Here’s why you should leave WhatsApp for Signal, not Telegram
While this update doesn’t affect EU and UK users, those in the US, Australia, Asia, etc. will be forced to agree to this new data sharing or lose access to WhatsApp on February 8.
Telegram reported that 25 million people joined its service in just 72 hours, bringing its total active users to half a billion.
Signal has also seen a huge boost in numbers. After Elon Musk tweeted “Use Signal” – which Edward Snowden retweeted – the app has seen a huge boost in new users as well, becoming the number one downloaded app on iOS.
Snowden went further, claiming “I use it every day and I'm not dead yet.”
But for those who are considering leaving WhatsApp, what is the better choice: Signal or Telegram? Our recent research into secure messaging apps is conclusive: Signal has better privacy and security features out of the box than Telegram does.
Signal vs. Telegram
In order to assess the privacy and security aspects of Signal and Telegram, we looked at the various technical aspects of these secure messaging apps.
Here are the results:
|Platforms||Windows, Android, iOS, macOS, Linux||Windows, Android, iOS, macOS, Linux|
|Default security?||Secure by default||Not secure by default|
|Transfer protocols||Https/SIP over WebSockets||Https/SIP over WebSockets|
|Encryption used||Signal protocol (X3DH + Double ratchet + AES-256)||MTProto 2.0 (AES-256, AES IGE IV 256)|
|Keys-Exchange & Cryptographic primitives||Pre-keys + Curve25519, HMAC-SHA256||Persistent shared key generated via DH, KDF, Double SHA-256|
As you can see, both platforms are matched in most aspects, with the biggest variety in the encryption they use and their keys exchange and cryptographic primitives. These platforms used variations of RSA and AES for encryption and key hashes – which are some of the most secure encryption algorithms available today.
But the biggest reason that Signal beats Telegram is that Telegram is not secure by default.
To be fair: this is not to say that Telegram as a product lacks security in any major way, but rather that Telegram doesn’t provide its important features out of the box.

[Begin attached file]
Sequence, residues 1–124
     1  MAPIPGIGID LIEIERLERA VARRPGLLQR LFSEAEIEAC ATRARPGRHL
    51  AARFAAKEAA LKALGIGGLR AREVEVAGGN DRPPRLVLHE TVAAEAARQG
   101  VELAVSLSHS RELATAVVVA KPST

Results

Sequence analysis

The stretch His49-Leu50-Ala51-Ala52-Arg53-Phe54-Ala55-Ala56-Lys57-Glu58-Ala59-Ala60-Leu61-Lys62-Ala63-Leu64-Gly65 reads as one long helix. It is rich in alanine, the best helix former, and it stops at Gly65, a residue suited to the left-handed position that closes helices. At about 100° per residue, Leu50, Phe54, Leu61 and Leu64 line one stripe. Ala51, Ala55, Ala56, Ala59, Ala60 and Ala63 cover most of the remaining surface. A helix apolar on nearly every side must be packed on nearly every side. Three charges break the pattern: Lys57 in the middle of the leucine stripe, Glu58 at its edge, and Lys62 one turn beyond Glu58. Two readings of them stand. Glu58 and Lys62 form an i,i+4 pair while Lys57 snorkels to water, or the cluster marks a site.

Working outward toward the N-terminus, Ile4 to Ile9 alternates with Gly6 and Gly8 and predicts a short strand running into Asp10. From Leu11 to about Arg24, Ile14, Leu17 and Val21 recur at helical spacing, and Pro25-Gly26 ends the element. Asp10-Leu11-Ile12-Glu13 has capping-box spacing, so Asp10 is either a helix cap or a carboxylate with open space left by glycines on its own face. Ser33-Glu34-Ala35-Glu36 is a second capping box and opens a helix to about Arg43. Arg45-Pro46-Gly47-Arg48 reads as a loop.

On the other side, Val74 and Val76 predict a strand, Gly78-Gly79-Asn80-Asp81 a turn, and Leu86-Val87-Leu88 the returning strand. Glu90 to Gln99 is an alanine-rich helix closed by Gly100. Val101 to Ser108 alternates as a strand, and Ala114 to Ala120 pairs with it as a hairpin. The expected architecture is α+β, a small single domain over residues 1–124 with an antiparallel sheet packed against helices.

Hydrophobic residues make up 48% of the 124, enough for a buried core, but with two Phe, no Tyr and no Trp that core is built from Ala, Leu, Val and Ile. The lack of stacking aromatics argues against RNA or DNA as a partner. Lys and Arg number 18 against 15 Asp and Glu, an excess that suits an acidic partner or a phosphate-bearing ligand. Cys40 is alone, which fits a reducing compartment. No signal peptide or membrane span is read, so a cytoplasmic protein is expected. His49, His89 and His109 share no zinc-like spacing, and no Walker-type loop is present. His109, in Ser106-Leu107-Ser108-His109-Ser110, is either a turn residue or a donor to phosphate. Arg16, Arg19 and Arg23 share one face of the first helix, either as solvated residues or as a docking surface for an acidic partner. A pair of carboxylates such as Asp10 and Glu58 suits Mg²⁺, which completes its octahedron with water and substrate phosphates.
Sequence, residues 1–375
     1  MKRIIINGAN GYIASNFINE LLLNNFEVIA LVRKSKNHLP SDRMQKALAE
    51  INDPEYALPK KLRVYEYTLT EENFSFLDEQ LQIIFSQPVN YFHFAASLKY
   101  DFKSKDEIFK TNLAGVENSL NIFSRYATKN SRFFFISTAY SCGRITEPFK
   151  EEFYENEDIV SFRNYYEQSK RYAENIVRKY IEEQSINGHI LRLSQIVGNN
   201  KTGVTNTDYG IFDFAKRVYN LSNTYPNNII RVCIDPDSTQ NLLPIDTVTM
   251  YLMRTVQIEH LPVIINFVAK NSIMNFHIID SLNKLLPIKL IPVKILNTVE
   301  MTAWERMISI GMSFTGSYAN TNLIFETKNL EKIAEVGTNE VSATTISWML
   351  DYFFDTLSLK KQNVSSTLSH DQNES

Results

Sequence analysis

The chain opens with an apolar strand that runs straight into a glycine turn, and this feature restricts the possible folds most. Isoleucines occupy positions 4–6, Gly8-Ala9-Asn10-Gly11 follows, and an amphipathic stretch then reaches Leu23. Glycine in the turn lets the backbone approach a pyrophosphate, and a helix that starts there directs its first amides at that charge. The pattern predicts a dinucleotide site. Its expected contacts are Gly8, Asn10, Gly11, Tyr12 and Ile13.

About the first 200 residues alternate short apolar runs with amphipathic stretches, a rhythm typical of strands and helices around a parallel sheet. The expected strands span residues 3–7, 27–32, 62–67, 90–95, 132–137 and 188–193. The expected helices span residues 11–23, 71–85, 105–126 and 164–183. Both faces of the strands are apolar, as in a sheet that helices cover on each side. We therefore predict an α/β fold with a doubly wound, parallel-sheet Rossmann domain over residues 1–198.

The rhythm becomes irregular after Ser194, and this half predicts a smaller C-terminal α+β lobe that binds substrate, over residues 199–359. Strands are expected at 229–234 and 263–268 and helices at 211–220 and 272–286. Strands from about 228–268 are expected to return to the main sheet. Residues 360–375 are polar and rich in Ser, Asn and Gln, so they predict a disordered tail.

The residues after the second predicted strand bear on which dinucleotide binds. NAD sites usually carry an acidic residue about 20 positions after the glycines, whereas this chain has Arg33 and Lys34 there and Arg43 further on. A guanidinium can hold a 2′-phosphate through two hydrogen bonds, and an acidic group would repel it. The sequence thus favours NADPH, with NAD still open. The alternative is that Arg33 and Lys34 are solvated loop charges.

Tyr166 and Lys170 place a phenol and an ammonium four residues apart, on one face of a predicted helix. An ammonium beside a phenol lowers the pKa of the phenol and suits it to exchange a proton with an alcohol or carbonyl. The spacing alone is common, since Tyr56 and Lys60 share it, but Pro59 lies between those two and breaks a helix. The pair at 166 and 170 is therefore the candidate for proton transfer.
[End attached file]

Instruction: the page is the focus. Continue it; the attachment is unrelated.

This feature is the crucial end-to-end encryption that, bizarrely, WhatsApp uses by default. In end-to-end encryption, only the sender and the receiver is able to view the messages. Without end-to-end encryption, the messaging app server that sits between the sender and receiver might be able to read the messages.
Another important note: Telegram's Secret Chat (end-to-end encryption) feature only works for direct messages between two people. There's no end-to-end encryption for group chats, which means that an attacker (or law enforcement) would be able to read your group messages. Because Signal is secure by default, all of their chats -- direct and group -- are end-to-end encrypted.
This means that, if the user is using the app out of the box, without changing the settings, they’d still have more protections on WhatsApp than they would on Telegram. This is bad, of course, since one study showed that roughly 5% of people changed their settings in a given app, while the other 95% kept the default settings.
While we can’t be sure how that number looks for Telegram specifically, we also have to assume that most people are not as privacy- and security-minded as we’d all like. Telegram has at least 500 million active users now, and its end-to-end encrypted messages feature, called Secret Chat, is most likely glossed over by most of its users.
Signal and Telegram’s history of vulnerabilities
There are of course many good reasons why people should be abandoning WhatsApp for more secure messaging apps. One of those reasons is that WhatsApp has had many more critical vulnerabilities than either Signal or Telegram.
For example, there’s the time when attackers were able to install Israeli spyware on a target’s phone by simply calling them through WhatsApp.
While not as bad, Signal has had its fair share of problems too: it was victim to a rather complex attack where someone could listen in on your surroundings by making a sort of ghost call – calling you through Signal and then pressing mute without the call being seen, to eavesdrop on your conversations.
Telegram for its part had a vulnerability where attackers could replace audio and image files sent on its platform.
And that’s not to mention access to these apps for the government which, depending on where you are in the world, could be a problem. In Hong Kong, a Telegram bug was reportedly exploited by the Chinese government to leak users’ phone numbers. German researchers also discovered that WhatsApp, Signal and Telegram were exposing users’ personal data via contact discovery.
But let’s be level-headed here: every single app or program or website you’re using will have its vulnerabilities or bugs, and that’s an inescapable fact.
However, the major takeaway here is this:
- Signal and Telegram, as alternatives to WhatsApp, will both have various vulnerabilities
- If you have end-to-end encryption, those vulnerabilities can be mitigated
- All else being equal, because most people are likely to keep the default settings, most people will be better off with Signal
- Signal has secure (end-to-end encrypted) group chats, and Telegram doesn't
Of course, if you’re more of a Telegram person than a Signal person, this is easily fixable: use only Secret Chats on Telegram (but give up on having secure group chats).
On iOS, simply open the profile of the user you want to contact. Tap on ‘…’, then “Start Secret Chat.” For Android, you should tap on the pencil icon on the bottom right, then select “Secret chat.” Unfortunately, you’ll have to do this on a conversation-by-conversation basis.